April 17th, 2017, 06:13 PM  #1 
Senior Member Joined: Jan 2017 From: Toronto Posts: 152 Thanks: 2  3D polar coordinates problem
Find the volume below z = r, above the xy plane, and inside . Answer: 4/9 Is there anyone online tool I could use to plot the 3d polar coordinates? I couldn't approach the problem without any visual clues... 
April 17th, 2017, 07:00 PM  #2 
Math Team Joined: Jan 2015 From: Alabama Posts: 2,822 Thanks: 750 
You can use desmos graphics calculator at https://www.desmos.com/calculator If you click on the wrench icon ("Graph Settings") then "Grid" and click on the polar coordinates icon. 
April 17th, 2017, 07:01 PM  #3 
Senior Member Joined: Sep 2015 From: Southern California, USA Posts: 1,602 Thanks: 816 
I use the Mathematica function ParametricPlot3D to plot all these things. There is limited access to it at wolframalpha.com You'll have to read up on how to use it. this one is $\displaystyle \int_{\frac{\pi}{2}}^{\frac{\pi}{2}} ~\int_0^{\cos(\theta)} \int_0^r~r~dz~dr~d\theta$ 
April 18th, 2017, 06:04 PM  #4  
Senior Member Joined: Jan 2017 From: Toronto Posts: 152 Thanks: 2  Quote:
How did you come up the boundaries (why pi/2 and pi/2)? It would be great if you could explain a little... Last edited by zollen; April 18th, 2017 at 06:07 PM.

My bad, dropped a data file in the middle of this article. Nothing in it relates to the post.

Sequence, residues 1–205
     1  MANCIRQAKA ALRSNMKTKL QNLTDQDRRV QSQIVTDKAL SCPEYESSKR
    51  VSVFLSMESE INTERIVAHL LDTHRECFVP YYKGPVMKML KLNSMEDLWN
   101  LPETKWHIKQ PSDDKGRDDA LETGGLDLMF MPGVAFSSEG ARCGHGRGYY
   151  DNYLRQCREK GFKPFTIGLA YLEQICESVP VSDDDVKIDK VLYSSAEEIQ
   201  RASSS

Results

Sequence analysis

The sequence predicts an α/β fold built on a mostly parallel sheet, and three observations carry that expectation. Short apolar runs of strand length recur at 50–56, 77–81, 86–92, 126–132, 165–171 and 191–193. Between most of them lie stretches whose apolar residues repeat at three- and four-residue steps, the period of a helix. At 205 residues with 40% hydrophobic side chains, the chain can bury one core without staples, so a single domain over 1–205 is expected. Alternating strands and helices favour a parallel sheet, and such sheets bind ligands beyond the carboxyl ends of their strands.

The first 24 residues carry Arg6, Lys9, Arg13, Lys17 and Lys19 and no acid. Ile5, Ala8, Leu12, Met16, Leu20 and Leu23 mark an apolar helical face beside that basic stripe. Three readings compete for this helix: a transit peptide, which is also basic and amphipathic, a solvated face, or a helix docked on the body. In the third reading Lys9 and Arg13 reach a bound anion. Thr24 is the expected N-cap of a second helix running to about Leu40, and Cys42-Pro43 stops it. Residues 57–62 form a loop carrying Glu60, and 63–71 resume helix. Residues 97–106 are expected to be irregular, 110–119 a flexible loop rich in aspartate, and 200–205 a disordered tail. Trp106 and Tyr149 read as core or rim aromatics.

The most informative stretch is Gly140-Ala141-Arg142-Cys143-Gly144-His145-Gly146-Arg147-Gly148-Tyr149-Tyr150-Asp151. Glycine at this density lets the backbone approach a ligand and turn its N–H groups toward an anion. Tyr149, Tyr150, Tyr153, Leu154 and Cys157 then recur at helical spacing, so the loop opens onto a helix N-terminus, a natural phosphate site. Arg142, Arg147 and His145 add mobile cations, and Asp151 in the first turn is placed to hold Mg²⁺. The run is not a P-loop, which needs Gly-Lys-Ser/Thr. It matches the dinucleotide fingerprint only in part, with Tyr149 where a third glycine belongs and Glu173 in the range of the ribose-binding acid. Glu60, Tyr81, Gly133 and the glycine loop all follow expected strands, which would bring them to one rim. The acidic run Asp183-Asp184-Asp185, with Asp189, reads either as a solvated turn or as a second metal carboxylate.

April 18th, 2017, 06:07 PM  #5 
Senior Member Joined: Sep 2015 From: Southern California, USA Posts: 1,602 Thanks: 816  
April 18th, 2017, 06:10 PM  #6 
Senior Member Joined: Jan 2017 From: Toronto Posts: 152 Thanks: 2 
I don't know how to plot z=r polar coordinate in 3D...

April 18th, 2017, 06:12 PM  #7 
Senior Member Joined: Sep 2015 From: Southern California, USA Posts: 1,602 Thanks: 816  
April 18th, 2017, 06:29 PM  #8 
Senior Member Joined: Sep 2015 From: Southern California, USA Posts: 1,602 Thanks: 816  
April 18th, 2017, 06:38 PM  #9 
Senior Member Joined: Jan 2017 From: Toronto Posts: 152 Thanks: 2 
Thanks. I am going to study your example closely..

April 18th, 2017, 06:54 PM  #10 
Senior Member Joined: Sep 2015 From: Southern California, USA Posts: 1,602 Thanks: 816 
this will probably also help $r = \cos(\theta)$ $r^2 = r \cos(\theta)$ wave the magic wand $x^2 + y^2 = x$ $x^2  x + y^2 = 0$ $\left(x\dfrac 1 2\right)^2 +y^2 = \dfrac 1 4$ i.e. circle at $\left( \dfrac 1 2 , 0\right)$ with radius $\dfrac 1 2$ 

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coordinates, polar, problem 
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